A mustelid native to and common in Northern Europe is the European pine marten (Martes martes), also known as the pine marten or the European marten.
On the IUCN Red List, it is recognized as Least Concern. It is also generally known as Baum marten or sweet marten.
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Habitat and distribution
The species was widespread in Great Britain only in northwestern Scotland for several years.
A 2012 study found that martens spread from their stronghold in the Scottish Highlands, north into Sutherland and Caithness, and southeast from the Great Glen into Moray, Aberdeenshire, Perthshire, Tayside, and Stirlingshire, with some in the Central Belt, on the peninsulas of Kintyre and Cowal, and on Skye Compared with that in the core marten range, expansion in the Galloway Forest has been minimal.
In the early 1980s, Martens was reintroduced into the Glen Trool Forest, and there was only minimal spread from there. This may be due to continuing harassment and trapping by local hunters.
Pine martens are exceedingly rare in England and have long been considered likely to be extinct. A scat discovered in June 2010 at Kidland Forest in Northumberland can indicate either a Scottish recolonization or a relict population that has previously escaped notice.
There have been several recorded sightings of pine martens in Cumbria, but it was not until 2011 that definitive evidence was discovered, some scat that was DNA-tested. The first documented sighting of pine in July 2015.
In Wales, there is a small pine marten population. The scat found in Cwm Rheidol forest in 2007 was reported to be from a pine marten by DNA testing. A male was located near Newtown, Powys, in 2012 as roadkill.
This was the first confirmation of the species, living or dead, since 1971 in Wales. Conservation of these mammals in the mid-Wales region has been initiated by the Vincent Wildlife Trust (VWT).
During autumn 2015, under license from Scottish Natural Heritage, 20 pine martens were collected in Scotland, in areas where a stable pine marten population occurs. In an area in mid-Wales, these animals were translocated and released.
All of the martens have been issued with radio collars and are monitored every day to monitor their movements and to find out where territories have been set up.
In the autumn of 2016, in the hope of establishing a self-sustaining population, the VWT intended to catch and release another 20 pine martens.
In Ireland, the marten is still very rare, but the population is recovering and spreading; its traditional strongholds are in the west and south, especially in Burren and Killarney National Park, but in recent years the population in the Midlands has increased significantly.
A study published in 2015 by academics at Queens University Belfast using cameras and citizen scientists
A coat of dark brown fur protects the European pine marten. This is dense over the winter, and over the summer it thins out.
The pads of their feet would also be coated in fur during the winter. The tail is bushy and long. A “bib” of white to creamy orange fur is situated under the collar. The fur has a greyish hue on its belly.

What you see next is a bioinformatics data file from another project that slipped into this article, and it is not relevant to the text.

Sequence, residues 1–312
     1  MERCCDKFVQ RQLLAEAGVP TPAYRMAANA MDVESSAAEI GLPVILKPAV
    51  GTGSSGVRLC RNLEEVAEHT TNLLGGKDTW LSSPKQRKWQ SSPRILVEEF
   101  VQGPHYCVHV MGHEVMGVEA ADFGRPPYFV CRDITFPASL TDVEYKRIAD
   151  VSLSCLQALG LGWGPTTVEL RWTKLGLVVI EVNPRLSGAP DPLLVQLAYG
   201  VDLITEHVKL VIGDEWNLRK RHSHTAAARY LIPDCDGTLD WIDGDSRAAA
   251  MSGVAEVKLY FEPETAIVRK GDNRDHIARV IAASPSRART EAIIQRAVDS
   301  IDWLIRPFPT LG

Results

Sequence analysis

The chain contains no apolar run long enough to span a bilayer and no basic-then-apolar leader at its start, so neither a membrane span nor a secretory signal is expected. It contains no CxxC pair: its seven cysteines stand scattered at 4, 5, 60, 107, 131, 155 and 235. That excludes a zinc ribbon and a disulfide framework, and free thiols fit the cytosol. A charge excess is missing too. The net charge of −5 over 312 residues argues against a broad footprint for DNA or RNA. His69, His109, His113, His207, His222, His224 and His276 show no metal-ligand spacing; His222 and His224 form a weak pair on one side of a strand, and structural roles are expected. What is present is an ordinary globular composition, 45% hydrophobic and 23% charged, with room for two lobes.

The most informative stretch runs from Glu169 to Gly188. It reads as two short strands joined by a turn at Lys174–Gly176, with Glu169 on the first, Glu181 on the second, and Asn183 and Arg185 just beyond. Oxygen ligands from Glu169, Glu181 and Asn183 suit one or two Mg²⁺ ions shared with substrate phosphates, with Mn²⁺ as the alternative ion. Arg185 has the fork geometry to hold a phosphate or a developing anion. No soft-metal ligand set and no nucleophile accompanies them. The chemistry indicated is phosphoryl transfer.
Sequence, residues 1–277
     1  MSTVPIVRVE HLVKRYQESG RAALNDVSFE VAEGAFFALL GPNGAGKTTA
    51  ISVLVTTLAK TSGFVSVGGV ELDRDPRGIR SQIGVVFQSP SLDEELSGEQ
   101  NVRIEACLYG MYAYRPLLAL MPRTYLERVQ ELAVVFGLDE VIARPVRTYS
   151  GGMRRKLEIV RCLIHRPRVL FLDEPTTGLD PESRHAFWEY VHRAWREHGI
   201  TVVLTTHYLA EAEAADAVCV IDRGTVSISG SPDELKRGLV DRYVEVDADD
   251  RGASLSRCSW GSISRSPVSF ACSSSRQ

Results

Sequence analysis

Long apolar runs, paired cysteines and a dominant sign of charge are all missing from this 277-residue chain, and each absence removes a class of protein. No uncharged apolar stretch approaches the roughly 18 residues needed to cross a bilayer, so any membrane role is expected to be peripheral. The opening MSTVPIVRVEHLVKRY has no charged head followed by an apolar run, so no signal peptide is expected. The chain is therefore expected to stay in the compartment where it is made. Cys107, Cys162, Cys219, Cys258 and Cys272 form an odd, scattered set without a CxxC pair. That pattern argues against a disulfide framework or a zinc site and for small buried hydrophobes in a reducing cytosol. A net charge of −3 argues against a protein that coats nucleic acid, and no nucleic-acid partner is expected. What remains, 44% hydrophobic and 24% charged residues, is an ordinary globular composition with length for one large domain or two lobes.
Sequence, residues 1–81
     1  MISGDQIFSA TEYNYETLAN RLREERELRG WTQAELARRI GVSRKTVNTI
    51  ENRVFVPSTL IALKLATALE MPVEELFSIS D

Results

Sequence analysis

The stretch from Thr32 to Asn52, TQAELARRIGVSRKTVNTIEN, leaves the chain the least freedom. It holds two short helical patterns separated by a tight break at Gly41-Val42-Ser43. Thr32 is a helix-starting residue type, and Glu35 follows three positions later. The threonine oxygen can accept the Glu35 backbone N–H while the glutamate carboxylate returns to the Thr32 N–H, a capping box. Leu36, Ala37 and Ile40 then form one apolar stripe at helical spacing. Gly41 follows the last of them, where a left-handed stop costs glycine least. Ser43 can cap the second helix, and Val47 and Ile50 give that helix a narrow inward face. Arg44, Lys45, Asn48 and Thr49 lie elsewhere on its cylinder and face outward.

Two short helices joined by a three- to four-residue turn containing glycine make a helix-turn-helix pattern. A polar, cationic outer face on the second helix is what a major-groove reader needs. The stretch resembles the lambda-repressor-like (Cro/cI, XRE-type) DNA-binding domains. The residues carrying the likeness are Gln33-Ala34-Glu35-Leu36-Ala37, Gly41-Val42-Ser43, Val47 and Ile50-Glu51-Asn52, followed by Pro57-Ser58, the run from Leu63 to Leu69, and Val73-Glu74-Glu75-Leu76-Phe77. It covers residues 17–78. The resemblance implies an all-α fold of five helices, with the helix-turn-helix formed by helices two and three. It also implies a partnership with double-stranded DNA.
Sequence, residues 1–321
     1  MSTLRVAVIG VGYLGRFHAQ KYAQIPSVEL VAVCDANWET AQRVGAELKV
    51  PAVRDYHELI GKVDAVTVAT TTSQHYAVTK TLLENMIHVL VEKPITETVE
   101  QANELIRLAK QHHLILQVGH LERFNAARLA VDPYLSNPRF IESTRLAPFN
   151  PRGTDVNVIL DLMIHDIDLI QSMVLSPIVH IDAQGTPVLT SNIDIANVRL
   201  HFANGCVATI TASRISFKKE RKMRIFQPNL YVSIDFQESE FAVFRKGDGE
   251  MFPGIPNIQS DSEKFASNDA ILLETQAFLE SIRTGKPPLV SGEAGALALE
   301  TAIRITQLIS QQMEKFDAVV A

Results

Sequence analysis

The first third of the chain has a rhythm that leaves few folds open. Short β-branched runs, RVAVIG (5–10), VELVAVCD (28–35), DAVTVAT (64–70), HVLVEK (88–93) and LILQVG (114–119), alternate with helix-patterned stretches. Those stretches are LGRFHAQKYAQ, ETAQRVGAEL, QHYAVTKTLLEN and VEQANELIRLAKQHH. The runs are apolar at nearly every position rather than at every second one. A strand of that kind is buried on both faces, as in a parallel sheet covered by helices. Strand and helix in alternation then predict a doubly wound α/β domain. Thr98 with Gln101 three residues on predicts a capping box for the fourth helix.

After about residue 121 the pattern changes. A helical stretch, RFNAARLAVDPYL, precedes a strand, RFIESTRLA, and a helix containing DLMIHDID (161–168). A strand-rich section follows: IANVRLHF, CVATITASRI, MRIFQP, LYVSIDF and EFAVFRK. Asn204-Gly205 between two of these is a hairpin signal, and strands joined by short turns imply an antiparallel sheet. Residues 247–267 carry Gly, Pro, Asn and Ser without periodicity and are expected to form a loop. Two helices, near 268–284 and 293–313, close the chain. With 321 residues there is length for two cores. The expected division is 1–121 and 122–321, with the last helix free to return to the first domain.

An average European pine marten ranges between 45 and 58 cm (17 to 22 in with a tail length of between 16 and 28 cm (6.3 and 11 cm). They can vary greatly in size due to a wide geographical range.
Males are frequently 10-30 per cent larger than women. On average, they weigh between 0.9 and kg (2-4.5lbs).
The pine martens are omnivore. The bulk of their diet consists of small mammals and birds that are supplemented by vegetables, insects, carrots, eggs, and fungi. Throughout autumn, berries become a big part of their diet.
Between July and August, breeding takes place. This species experiences delayed implantation where for about seven months, the fertilized egg does not begin to mature, which means that from February to March this happens.
They are only receptive to mating for a total of 1-4 days during this period, up to four times during that period.
After implantation, the young person needs 30 to 35 days of gestation to develop and be born. In each litter, an average of three kits are born, but up to 5 kits are possible. Due to the mother pine marten having only four teats, only four will suckle at a time. The kits are usually blind, deaf and powerless at birth.
During their 34th-38th days of life, they get their first glimpse of the planet. The kits will take their first bites of solid food between their 36 and 45th days on Earth.
At six weeks old, they stop drinking their mother’s milk. They are able to move out on their own by six months of age, but some stay in their parents’ territories until spring.
Many who do not leave may be pushed out during the winter when the female encounters a “false heat”. This is a period when hormone levels rise, and people in their territory are less tolerant of other animals.
Sexual development happens about the age of 14 months.
With much of its behaviour occurring between dawn and dusk, this species is crepuscular( They appear or are active in the twilight). They take refuge in a hollow log, a rock crevice, or an abandoned nest during the day.
Although they are adept at running through the forest, much of their hunting takes place on the field. They are solitary animals who only come together during mating season.